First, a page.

Fiction

Two Novellas: In the Sanatorium and Facing the Sea

Author: David Vogel

Publisher: Scribe Publications

ISBN:

Category: Fiction

Page: 192

View: 273

David Vogel has long been regarded as a leading figure of Hebrew literature, and his work has been compared to that of Joseph Roth, Thomas Mann, and Franz Kafka. In the Sanatorium was Vogel’s first published work of fiction, translated here into English for the first time. It is set in a charitable Jewish hospital for consumptives, where death is always close, desire is heightened, and breaking the rules is exciting. In his depiction of the sanatorium’s hothouse atmosphere, Vogel masterfully portrays the far-reaching effects of the decadence that was so prevalent in early-twentieth-century Europe. Written in 1932, Facing the Sea tells the story of a couple spending the summer on the French Riviera. Their idyllic holiday, however, ends up testing their relationship in ways they never thought possible. Deeply evocative of a bygone era, and intensely erotic, it shows Vogel at the height of his powers. Published together, these two novellas celebrate the legacy of one of the twentieth century’s great writers.
Fiction

Two Novellas

Author: David Vogel

Publisher: Scribe Publications

ISBN:

Category: Fiction

Page: 192

View: 506

David Vogel has long been regarded as a leading figure of Hebrew literature, and his work has been compared to that of Joseph Roth, Thomas Mann, and Franz Kafka.

In the Sanatorium was Vogel’s first published work of fiction, translated here into English for the first time. It is set in a charitable Jewish hospital for consumptives, where death is always close, desire is heightened, and breaking the rules is exciting. In his depiction of the sanatorium’s hothouse atmosphere, Vogel masterfully portrays the far-reaching effects of the decadence that was so prevalent in early-twentieth-century Europe.

Written in 1932, Facing the Sea tells the story of a couple spending the summer on the French Riviera. Their idyllic holiday, however, ends up testing their relationship in ways they never thought possible. Deeply evocative of a bygone era, and intensely erotic, it shows Vogel at the height of his powers.

Published together, these two novellas celebrate the legacy of one of the twentieth century’s great writers.
Fiction

Married Life

Author: David Vogel

Publisher: Scribe Publications

ISBN:

Category: Fiction

Page: 512

View: 532

David Vogel has long been regarded as a leading figure of Hebrew literature, and his work has been compared to that of Joseph Roth, Thomas Mann, and Franz Kafka. Married Life, which was first published in 1929, is Vogel’s magnum opus — a sweeping portrait of a doomed marriage and a doomed city. Set in Vienna, the novel tells of the relationship between the penniless writer Rudolf Gurdweill and Baroness Thea von Takow, who treats her husband with cruelty and disdain. In spite of this, Gurdweill struggles to find the will to leave his wife, even when the devoted Lotte Bondheim offers him the prospect of true happiness. Yet this is no mere story of a love triangle. In astonishingly vivid detail, Vogel evokes the atmosphere of 1920s Vienna, taking us from fashionable cafés and aristocratic estates to the shoemaker’s workshop and the almshouse. With decadence and poverty existing side by side, Vienna is depicted as a city on the brink of collapse — a haunting prefigurement of the horrors to come. With its rich, vital prose, and its profound insight into the human condition, Married Life is truly a modern classic.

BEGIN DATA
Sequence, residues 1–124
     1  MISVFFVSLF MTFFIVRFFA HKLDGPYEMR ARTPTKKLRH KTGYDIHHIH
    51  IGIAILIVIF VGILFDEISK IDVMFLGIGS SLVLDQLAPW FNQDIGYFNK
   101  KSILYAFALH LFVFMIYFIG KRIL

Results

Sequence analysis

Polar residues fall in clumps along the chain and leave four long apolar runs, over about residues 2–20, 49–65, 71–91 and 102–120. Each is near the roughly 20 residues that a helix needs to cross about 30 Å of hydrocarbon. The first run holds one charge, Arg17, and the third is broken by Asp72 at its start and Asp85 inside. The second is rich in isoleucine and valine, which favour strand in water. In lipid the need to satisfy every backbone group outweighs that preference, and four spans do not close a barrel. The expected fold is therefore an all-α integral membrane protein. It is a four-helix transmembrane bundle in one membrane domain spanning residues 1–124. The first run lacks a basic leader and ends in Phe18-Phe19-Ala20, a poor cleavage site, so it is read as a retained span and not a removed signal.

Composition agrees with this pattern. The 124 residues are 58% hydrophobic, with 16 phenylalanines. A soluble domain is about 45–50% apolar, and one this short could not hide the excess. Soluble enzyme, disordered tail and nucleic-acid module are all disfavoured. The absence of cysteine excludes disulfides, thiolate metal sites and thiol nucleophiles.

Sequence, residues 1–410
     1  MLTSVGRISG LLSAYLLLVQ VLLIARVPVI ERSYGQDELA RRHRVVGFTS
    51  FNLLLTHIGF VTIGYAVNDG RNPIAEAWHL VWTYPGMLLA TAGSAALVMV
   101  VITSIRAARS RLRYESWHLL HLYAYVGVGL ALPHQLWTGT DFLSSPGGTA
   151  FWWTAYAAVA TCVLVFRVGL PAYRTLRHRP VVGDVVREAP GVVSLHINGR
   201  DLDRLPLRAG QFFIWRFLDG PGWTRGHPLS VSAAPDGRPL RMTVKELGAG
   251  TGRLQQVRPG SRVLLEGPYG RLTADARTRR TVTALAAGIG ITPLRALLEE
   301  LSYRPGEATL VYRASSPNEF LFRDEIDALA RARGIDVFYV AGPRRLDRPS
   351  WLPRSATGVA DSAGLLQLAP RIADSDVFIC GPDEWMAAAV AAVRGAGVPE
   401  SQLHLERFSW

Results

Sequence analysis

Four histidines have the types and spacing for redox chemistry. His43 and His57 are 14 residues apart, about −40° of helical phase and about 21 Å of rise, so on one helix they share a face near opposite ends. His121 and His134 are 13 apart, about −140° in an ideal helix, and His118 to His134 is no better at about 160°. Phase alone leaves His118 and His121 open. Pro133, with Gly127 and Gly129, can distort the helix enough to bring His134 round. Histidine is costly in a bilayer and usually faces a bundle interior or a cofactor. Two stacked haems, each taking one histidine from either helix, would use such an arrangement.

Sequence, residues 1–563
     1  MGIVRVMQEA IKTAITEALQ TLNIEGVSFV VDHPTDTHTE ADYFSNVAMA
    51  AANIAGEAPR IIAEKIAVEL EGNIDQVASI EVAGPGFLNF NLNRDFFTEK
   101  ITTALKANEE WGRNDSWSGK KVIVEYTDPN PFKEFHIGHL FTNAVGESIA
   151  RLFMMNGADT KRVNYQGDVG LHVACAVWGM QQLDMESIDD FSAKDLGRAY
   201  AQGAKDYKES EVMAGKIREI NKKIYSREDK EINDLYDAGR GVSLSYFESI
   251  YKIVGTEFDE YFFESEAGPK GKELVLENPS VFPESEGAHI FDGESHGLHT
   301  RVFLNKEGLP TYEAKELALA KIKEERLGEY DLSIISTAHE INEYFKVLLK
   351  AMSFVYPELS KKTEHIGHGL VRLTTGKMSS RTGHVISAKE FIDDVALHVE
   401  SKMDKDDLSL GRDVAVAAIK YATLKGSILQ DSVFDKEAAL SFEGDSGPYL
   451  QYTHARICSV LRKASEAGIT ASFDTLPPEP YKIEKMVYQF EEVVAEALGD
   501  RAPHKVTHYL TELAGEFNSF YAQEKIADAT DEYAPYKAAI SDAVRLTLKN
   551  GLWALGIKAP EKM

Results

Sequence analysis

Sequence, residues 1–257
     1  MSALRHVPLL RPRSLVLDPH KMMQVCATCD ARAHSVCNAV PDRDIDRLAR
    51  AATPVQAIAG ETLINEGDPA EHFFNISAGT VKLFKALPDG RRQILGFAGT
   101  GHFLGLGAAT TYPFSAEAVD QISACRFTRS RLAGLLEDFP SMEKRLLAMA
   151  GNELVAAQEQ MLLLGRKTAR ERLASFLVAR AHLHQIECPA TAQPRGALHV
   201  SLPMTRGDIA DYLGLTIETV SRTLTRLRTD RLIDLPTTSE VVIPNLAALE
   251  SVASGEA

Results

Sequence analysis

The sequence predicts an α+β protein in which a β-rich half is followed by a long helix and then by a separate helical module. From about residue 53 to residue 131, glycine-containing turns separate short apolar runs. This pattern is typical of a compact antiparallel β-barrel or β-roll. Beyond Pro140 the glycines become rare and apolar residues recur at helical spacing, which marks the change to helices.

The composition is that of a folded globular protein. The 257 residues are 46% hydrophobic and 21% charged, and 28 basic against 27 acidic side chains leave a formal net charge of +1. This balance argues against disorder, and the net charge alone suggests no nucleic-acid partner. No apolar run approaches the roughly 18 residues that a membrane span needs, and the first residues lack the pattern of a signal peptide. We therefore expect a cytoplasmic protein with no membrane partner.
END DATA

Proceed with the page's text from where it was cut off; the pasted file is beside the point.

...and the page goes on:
History

The Routledge Encyclopedia of Jewish Writers of the Twentieth Century

Author: Sorrel Kerbel

Publisher: Routledge

ISBN:

Category: History

Page: 702

View: 511

Now available in paperback for the first time, Jewish Writers of the Twentieth Century is both a comprehensive reference resource and a springboard for further study. This volume: examines canonical Jewish writers, less well-known authors of Yiddish and Hebrew, and emerging Israeli writers includes entries on figures as diverse as Marcel Proust, Franz Kafka, Tristan Tzara, Eugene Ionesco, Harold Pinter, Tom Stoppard, Arthur Miller, Saul Bellow, Nadine Gordimer, and Woody Allen contains introductory essays on Jewish-American writing, Holocaust literature and memoirs, Yiddish writing, and Anglo-Jewish literature provides a chronology of twentieth-century Jewish writers. Compiled by expert contributors, this book contains over 330 entries on individual authors, each consisting of a biography, a list of selected publications, a scholarly essay on their work and suggestions for further reading.
Literary Criticism

Israeli Poetry of the Holocaust

Author: Yair Mazor

Publisher: Associated University Presse

ISBN:

Category: Literary Criticism

Page: 229

View: 456

"The fact that the Holocaust poetry discussed here is also Israeli poetry makes the book even more important and relevant. One may cogently argue that the state of Israel was established on the ashes of the Holocaust. If so, the fact that contemporary Israeli poetry is dedicated to the topic of the Holocaust celebrates the victory of humankind over Nazi atrocities. This book should be of interest to students, teachers, and scholars of the Holocaust, modern Hebrew/Israeli poetry, and literature in general."--BOOK JACKET.